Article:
Objective: We sought to determine the relationship of human immunodeficiency virus serostatus to carriage of oncogenic human papillomavirus.
Material and methods: A total of 268 human immunodeficiency virus-infected and 265 human immunodeficiency virus-uninfected women were seen every 6 months, at which time they had laboratory tests performed including a CD4 count. Human papillomavirus deoxyribonucleic acid was analyzed by polymerase chain reaction. Statistical methods included Kaplan-Meier and Cox's proportional hazard models.
Results: The prevalence at baseline of any human papillomavirus type was 73% and 43% among human immunodeficiency virus-seropositive and seronegative women, respectively (p < 0.0001) and of oncogenic types was 32.5% and 17.0% (p < 0.001). The prevalence of oncogenic human papillomavirus was higher in women with CD4 counts <200 mm3 (p < 0.001). The rate of detection of new oncogenic human papillomavirus per 100 patient years of follow-up in human immunodeficiency virus-seropositive women was almost three times higher than among human immunodeficiency virus-seronegative women (p < 0.01). The rate of loss of an oncogenic human papillomavirus was higher in the human immunodeficiency virus-seronegative women but the difference was not significant. The relative risk of a human immunodeficiency virus-infected woman who did not initially have a specific type of oncogenic human papillomavirus having one detected during follow-up was 6.6 times greater than among human immunodeficiency virus-negative women (p < 0.001).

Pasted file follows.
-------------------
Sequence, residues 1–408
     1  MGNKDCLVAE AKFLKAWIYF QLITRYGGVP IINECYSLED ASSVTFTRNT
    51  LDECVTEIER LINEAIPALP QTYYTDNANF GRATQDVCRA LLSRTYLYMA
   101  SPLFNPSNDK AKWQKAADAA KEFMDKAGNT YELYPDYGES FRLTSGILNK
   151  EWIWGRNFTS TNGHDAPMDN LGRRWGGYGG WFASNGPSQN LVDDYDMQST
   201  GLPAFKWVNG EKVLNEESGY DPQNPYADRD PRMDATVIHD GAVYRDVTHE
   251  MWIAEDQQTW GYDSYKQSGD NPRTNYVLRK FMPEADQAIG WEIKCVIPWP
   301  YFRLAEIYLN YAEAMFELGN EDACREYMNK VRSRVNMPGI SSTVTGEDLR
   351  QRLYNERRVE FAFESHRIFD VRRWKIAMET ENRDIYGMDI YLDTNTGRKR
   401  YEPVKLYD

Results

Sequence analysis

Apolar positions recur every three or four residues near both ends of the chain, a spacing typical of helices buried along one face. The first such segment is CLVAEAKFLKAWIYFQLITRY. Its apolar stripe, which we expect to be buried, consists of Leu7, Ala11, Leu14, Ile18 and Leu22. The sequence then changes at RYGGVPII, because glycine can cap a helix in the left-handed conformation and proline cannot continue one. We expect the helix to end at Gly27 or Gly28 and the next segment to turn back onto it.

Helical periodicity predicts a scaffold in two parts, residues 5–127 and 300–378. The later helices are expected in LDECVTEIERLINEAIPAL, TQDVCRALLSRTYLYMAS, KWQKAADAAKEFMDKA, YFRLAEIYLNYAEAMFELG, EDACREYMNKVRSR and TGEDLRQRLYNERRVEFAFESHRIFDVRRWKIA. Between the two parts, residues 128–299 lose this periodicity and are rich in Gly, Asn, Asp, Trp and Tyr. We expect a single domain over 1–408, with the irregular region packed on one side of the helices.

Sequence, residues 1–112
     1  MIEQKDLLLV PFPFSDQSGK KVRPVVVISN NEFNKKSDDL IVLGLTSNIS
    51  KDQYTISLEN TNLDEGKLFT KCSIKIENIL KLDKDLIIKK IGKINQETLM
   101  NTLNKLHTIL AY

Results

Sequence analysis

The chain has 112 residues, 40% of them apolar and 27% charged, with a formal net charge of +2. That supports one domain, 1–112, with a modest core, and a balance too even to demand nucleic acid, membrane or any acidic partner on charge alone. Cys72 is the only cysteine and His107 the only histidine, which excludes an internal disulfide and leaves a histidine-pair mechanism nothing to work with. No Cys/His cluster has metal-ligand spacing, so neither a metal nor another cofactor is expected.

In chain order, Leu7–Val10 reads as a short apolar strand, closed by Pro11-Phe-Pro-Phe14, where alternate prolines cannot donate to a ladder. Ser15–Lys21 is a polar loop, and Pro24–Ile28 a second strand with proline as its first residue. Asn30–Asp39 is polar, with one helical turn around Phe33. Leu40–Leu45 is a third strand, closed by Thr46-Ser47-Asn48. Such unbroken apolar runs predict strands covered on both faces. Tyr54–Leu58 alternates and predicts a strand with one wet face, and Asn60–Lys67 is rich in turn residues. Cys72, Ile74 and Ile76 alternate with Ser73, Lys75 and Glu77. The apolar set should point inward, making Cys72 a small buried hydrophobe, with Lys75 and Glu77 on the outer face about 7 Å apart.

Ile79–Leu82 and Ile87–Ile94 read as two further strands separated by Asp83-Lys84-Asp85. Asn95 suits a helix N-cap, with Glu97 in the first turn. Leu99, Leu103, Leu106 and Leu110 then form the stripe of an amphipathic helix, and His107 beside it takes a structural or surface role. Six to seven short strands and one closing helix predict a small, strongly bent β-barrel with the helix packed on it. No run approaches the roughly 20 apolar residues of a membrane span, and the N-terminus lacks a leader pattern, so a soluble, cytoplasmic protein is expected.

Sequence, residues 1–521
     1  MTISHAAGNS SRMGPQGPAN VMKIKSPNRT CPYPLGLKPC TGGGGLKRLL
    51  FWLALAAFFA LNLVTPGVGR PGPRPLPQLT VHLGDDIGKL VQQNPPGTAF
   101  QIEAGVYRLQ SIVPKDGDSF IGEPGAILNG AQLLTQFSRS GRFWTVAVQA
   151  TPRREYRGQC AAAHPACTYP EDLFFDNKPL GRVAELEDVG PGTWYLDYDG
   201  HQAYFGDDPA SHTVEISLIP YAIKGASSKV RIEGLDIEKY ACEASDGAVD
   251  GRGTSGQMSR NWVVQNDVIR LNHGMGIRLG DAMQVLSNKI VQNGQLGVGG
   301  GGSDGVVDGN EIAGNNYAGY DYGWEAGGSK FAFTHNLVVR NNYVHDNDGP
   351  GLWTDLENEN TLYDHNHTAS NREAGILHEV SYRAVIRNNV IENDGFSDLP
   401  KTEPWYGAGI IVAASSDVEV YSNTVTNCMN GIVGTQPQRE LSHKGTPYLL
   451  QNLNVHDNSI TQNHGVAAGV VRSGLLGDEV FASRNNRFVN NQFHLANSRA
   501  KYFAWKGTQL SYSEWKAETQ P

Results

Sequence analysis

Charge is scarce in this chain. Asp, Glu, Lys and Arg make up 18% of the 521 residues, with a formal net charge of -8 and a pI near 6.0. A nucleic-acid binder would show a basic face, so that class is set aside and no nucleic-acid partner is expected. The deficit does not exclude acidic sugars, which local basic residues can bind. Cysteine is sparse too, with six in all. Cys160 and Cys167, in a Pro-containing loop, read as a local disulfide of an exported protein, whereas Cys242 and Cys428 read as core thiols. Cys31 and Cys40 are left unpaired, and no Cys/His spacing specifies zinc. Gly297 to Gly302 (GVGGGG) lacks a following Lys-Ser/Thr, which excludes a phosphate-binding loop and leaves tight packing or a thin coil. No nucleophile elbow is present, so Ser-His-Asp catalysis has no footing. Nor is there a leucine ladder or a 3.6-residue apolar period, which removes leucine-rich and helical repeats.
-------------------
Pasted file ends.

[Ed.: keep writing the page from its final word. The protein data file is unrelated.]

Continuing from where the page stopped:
Conclusions: Human immunodeficiency virus-seropositive women are more likely to have newly detectable oncogenic types of human papillomavirus at follow-up and to show persistent carriage of oncogenic types of human papillomavirus types. Among human immunodeficiency virus-infected women, those with higher CD4 counts were more likely to have a newly detected oncogenic human papillomavirus during follow-up.